Reckoning with Food Crimes: Shifting the Conversation From Harms to Violence

An active and unacceptable agenda in our food systems should be named, shamed, and taken seriously if we want to do something about it, writes SEI Research Lead Alana Mann.

Image by Etienne Girardet, via UnSplash.

Lockdown takes you to familiar-strange places. In my case back to the 1973 film Soylent Green, the ultimate dystopian treat for a hungry, self-isolating food scholar.

The Plot – Charlton Heston plays the good cop, chasing down the assassin of a wealthy executive in a Malthusian-nightmare New York (pop. 80 million) where only point one of the One Percent have access to real food. Ordinary citizens are reduced to queuing for hours for their measly quota of Soylent, an ultra-processed biscuit that I imagine tastes like a well-done soy burger patty.

The uber-nutritious and flavourful Soylent Green (a Category Captain far superior to the Red and Yellow versions) is allegedly made out of plankton. But it turns out the oceans are empty, and (spoiler alert) the essential protein replacement is human, harvested from riots, prisons and euthanisation centres under the cloak of secrecy. Heston solves the riddle but the Soylent Corporation won’t be stopped. It’s 2022 (chills!) after all, and the hyper-industrial food complex is in full swing.

Along with accurately anticipating a hotter and more violent world, this film succeeds in presenting two vital truths: firstly, food is a source of control and, secondly, food crimes often go unpunished.

The concept of ‘food crime’ includes a wide range of social and economic harms, including food fraud, violations of safety and health, evasion of quotas and tariffs, food adulteration and misrepresentation through marketing. Under the corrupt authoritarian regime in the film, the Soylent Corporation profits with impunity.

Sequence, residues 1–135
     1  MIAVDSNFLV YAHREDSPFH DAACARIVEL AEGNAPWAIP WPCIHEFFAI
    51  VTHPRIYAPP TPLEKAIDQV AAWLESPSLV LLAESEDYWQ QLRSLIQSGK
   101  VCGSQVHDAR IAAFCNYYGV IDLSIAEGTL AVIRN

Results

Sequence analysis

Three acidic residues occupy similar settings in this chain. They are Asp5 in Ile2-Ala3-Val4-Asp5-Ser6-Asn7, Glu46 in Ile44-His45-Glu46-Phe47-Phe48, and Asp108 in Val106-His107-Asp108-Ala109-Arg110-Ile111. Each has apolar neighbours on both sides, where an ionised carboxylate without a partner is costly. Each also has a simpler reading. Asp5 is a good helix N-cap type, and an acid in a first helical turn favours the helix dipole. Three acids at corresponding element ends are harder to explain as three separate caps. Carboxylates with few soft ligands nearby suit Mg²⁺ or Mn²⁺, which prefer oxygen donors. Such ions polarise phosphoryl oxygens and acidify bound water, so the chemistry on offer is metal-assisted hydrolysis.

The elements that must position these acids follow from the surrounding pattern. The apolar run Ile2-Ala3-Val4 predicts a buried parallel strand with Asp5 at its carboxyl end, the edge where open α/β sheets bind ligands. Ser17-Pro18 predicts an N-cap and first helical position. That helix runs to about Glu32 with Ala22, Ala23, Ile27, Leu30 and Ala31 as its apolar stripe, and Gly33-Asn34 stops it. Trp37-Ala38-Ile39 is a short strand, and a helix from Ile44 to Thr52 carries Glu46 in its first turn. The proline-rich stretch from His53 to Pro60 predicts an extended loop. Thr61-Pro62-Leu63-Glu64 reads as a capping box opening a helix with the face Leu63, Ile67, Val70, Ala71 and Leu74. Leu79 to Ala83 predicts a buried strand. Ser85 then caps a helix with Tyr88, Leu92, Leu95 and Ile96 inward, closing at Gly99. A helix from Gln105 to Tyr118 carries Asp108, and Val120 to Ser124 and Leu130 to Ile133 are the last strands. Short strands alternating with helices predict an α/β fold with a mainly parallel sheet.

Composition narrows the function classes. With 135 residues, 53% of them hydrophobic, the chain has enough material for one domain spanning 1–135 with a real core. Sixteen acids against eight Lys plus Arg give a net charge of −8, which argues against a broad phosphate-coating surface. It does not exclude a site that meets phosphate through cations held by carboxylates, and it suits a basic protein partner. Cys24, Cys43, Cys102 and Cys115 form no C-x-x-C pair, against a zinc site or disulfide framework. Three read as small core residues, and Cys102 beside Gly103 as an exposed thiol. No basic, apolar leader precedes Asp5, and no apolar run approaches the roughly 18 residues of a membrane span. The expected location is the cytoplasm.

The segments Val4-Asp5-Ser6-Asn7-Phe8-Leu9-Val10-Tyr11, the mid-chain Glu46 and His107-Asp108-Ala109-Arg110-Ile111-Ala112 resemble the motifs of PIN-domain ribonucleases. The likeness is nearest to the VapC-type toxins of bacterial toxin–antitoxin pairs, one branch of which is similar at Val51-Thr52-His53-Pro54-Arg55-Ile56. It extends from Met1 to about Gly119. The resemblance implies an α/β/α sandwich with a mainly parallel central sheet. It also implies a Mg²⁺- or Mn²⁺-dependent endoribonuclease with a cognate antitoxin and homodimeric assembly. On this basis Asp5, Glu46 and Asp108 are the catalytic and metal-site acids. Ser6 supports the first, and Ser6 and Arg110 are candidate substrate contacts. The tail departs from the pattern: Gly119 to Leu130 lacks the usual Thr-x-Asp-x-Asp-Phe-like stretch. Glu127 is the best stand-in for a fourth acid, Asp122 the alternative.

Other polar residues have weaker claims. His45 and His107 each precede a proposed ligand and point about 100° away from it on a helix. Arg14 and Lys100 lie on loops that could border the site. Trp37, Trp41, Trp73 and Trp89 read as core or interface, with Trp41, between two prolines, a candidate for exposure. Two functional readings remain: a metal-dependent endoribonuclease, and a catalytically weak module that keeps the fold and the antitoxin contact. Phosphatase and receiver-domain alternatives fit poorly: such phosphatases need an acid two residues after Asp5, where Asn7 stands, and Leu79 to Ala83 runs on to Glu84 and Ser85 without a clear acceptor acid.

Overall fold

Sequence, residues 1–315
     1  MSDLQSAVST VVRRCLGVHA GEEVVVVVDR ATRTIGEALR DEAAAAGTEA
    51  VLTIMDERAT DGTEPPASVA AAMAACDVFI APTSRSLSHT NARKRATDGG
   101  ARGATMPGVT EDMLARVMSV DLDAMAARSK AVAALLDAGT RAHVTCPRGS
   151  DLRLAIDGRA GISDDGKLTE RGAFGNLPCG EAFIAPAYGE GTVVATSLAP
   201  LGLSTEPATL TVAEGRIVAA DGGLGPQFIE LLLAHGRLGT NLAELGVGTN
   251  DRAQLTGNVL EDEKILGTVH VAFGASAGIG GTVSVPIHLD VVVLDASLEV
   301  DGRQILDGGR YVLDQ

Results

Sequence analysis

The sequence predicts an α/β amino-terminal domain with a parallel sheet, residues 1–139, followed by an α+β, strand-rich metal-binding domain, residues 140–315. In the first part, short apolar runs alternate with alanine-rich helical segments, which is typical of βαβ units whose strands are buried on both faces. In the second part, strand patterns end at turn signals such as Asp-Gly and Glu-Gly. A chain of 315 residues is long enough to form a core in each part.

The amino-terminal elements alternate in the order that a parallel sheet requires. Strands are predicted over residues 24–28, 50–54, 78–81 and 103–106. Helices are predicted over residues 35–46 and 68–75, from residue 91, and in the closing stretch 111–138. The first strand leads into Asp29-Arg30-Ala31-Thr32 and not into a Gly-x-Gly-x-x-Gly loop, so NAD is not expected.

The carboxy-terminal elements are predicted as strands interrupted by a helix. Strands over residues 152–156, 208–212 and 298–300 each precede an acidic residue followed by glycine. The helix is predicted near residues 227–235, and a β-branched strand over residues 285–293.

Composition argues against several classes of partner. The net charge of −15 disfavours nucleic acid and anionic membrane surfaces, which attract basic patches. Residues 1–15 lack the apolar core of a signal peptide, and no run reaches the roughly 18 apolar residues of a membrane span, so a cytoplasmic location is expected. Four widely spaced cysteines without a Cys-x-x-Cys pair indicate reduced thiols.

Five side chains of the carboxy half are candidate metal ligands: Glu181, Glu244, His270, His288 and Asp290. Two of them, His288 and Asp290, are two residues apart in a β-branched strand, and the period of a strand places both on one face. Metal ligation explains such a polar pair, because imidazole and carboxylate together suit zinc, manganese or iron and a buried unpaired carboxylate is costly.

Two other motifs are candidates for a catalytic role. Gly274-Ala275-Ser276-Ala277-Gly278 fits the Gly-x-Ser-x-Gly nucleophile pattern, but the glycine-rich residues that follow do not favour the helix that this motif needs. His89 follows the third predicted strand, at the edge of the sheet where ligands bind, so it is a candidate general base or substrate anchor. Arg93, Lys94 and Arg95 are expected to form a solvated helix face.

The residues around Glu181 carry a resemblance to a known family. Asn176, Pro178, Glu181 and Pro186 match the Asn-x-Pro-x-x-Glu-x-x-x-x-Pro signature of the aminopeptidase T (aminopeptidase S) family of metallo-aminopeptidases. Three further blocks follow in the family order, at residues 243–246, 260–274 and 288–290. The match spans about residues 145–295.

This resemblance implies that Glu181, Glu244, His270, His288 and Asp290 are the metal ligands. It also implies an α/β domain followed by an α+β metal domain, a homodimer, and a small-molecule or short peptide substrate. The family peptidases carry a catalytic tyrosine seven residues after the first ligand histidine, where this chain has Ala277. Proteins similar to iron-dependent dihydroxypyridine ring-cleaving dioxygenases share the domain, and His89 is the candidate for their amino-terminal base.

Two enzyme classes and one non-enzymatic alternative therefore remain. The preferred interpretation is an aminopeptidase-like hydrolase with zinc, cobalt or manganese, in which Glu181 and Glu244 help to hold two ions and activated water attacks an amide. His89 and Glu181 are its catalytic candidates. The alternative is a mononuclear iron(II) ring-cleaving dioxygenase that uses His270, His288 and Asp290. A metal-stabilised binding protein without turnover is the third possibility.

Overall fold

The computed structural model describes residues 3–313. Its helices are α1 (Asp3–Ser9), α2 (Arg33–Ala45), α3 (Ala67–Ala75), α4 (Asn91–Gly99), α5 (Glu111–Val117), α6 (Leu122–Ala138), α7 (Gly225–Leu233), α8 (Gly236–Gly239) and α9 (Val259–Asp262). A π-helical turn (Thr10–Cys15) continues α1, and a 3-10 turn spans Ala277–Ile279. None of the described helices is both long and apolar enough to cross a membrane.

Should we, in the actually-existing world of 2021, accept profit-driven murder in our food systems?

It is well-documented that food contamination, factory farming, deforestation, over-fishing and hypoxic red tides are not prevented by the self-regulatory mechanisms of the neoliberal market. In what Allison Gray calls the ‘risky food regime’ we all have to serve as the food police. It is on us, according to the popular discourse of personal responsibility.

Aside from marketing opportunities, heightened levels of uncertainty and anxiety work for our political leaders. They eagerly buy into Big Food’s greenwashed, and grainwashed, claims to ‘feed the world’ sustainably. Exports and imports of cash crops generate revenue, emergency food aid distributes surpluses, and software engineers deliver novel solutions that will address the climate crisis.

Perversely, these fixes are locked-into the public imagination more firmly with media reporting of the latest Intergovernmental Panel for Climate Change (IPCC) announcement of a ‘Code Red for humanity’. In our permanent, reactive state of crisis the word itself has become, as Joseph Masco says, “a counterrevolutionary idiom…a means of stabilizing an existing condition rather than minimizing forms of violence across militarisms, economy, and the environment”.